I am now on Joshua for my weekly quiet time, and I read Joshua 2 this last Friday night. Here are two thoughts:
1. Why were the spies sleeping at a harlot’s house? I mean, there is a lot of discussion on whether or not Rahab was right to lie, but what about the spies, who were supposed to be righteous, God-fearing people? Is this yet another example of God using imperfect vessels?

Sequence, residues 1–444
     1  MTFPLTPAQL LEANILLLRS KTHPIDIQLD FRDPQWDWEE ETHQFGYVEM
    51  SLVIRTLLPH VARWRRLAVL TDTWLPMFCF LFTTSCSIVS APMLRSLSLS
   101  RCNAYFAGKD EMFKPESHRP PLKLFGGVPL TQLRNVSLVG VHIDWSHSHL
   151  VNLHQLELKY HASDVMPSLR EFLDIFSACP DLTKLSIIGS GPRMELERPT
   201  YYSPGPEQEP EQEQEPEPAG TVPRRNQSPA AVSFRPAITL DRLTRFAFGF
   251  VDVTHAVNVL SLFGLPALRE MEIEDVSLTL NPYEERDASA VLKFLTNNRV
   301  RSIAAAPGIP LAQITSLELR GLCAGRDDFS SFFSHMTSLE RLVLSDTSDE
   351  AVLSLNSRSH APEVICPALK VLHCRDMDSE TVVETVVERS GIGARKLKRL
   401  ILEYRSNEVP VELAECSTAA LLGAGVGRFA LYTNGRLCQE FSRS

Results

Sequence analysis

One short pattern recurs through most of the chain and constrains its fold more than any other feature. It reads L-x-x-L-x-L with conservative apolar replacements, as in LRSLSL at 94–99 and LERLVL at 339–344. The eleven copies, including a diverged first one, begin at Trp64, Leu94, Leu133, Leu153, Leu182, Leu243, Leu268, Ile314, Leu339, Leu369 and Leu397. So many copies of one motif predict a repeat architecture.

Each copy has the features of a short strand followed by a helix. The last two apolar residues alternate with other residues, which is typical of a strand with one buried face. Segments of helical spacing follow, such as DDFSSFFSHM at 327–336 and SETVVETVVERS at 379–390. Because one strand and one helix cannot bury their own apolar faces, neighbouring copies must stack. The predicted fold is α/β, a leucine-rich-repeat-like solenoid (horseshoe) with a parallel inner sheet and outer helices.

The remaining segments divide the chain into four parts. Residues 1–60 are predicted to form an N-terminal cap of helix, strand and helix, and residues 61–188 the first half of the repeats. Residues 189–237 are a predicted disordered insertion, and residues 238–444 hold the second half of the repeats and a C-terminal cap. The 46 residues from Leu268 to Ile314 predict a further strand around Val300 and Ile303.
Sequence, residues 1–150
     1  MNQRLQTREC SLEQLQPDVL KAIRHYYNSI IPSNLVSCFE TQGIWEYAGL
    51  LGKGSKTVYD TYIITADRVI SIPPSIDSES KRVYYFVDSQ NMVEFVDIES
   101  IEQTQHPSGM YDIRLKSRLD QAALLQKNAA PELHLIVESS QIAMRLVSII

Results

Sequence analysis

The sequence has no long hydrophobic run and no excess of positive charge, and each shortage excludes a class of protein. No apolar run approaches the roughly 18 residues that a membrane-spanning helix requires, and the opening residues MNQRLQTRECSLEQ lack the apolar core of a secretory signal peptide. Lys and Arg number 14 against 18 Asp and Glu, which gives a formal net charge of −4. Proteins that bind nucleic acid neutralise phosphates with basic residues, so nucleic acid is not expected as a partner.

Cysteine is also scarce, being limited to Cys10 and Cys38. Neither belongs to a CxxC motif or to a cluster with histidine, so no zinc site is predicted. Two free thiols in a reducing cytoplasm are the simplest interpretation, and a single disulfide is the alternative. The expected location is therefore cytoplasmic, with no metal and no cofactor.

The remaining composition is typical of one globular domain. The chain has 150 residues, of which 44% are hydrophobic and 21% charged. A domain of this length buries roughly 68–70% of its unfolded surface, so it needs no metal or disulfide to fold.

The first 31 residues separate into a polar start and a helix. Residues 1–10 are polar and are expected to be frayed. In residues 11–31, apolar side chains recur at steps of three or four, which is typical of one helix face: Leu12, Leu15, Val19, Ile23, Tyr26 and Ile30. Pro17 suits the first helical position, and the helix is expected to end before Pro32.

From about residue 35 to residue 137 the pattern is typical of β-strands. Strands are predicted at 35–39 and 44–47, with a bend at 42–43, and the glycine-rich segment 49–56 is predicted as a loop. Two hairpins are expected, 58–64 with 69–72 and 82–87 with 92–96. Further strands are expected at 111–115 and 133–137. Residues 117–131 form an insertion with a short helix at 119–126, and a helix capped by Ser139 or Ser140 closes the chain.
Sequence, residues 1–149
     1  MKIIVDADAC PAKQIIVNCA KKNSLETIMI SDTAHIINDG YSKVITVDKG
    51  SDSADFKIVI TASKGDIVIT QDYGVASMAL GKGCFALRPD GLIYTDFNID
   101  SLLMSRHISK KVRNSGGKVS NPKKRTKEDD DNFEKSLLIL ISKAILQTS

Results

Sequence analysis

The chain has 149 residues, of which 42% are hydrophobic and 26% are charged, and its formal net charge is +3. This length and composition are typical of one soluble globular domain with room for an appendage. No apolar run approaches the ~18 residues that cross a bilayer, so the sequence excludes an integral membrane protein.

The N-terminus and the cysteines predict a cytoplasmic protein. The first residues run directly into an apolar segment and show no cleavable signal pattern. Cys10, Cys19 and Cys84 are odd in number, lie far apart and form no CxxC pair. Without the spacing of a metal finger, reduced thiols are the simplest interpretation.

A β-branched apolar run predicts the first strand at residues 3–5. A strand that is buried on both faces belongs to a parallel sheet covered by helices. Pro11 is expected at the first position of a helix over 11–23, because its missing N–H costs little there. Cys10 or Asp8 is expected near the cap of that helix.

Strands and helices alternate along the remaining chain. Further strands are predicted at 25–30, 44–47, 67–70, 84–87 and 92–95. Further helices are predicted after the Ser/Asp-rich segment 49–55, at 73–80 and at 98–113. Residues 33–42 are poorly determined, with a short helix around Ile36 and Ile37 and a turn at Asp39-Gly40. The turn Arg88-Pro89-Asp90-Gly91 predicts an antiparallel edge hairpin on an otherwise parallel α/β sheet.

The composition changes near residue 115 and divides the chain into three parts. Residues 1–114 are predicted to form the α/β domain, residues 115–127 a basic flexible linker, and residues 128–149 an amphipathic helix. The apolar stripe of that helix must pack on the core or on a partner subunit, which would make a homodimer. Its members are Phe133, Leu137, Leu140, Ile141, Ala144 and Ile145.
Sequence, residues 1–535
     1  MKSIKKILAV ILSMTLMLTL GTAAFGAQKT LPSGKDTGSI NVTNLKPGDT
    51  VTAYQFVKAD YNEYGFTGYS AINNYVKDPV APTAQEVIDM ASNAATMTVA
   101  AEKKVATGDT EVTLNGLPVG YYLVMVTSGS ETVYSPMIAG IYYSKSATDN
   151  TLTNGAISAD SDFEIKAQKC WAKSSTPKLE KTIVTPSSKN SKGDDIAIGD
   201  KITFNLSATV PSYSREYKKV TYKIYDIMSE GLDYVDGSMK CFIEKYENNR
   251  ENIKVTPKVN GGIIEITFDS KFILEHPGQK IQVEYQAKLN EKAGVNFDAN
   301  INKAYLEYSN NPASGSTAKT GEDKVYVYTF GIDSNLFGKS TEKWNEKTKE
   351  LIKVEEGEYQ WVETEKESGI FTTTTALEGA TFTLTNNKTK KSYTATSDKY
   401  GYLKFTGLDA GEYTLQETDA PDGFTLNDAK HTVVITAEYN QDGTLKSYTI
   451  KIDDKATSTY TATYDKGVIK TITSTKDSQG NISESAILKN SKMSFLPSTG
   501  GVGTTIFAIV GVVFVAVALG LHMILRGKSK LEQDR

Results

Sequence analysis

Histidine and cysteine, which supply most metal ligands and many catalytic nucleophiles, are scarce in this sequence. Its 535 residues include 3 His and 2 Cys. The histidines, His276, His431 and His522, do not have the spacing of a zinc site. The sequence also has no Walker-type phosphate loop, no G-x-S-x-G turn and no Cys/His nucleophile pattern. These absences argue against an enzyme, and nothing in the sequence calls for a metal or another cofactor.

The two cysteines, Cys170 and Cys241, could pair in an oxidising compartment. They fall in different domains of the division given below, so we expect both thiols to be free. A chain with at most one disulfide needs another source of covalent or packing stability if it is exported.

2. James 2:25 says, “Likewise also was not Rahab the harlot justified by works, when she had received the messengers, and had sent them out another way?” Rahab escaped wrath through both faith and works. She believed that the Israelites would triumph, but this belief by itself was not enough to give her security. After all, according to Rahab, most of the inhabitants of Jericho believed that the Israelites would win, but they were later slaughtered in the Conquest, despite their belief. Rahab’s faith was not mere intellectual assent, but it was a conscious decision to side with the Israelites and their God. And her faith was expressed through works, for she hid the messengers and sent them out on another way. When she asked the Israelites to spare her and her family, she appealed to her works. At the same time, the fact that she was asking for mercy indicates that she did not see the spies as totally indebted to her, since she acknowledged that it was their decision whether to spare her or not. And grace was a factor in all of this, since Rahab was a harlot and part of a condemned people, plus the Israelites were forbidden to make a covenant with the people of the land (Deuteronomy 20:10-20). So Rahab’s survival was not entirely based on strict law, which stood against her. Rahab exemplifies salvation. We are all sinners in need of forgiveness. We must have faith in the sense that we believe in God and side with him in his purposes. And our faith is expressed through our deeds, even though our deeds do not merit salvation.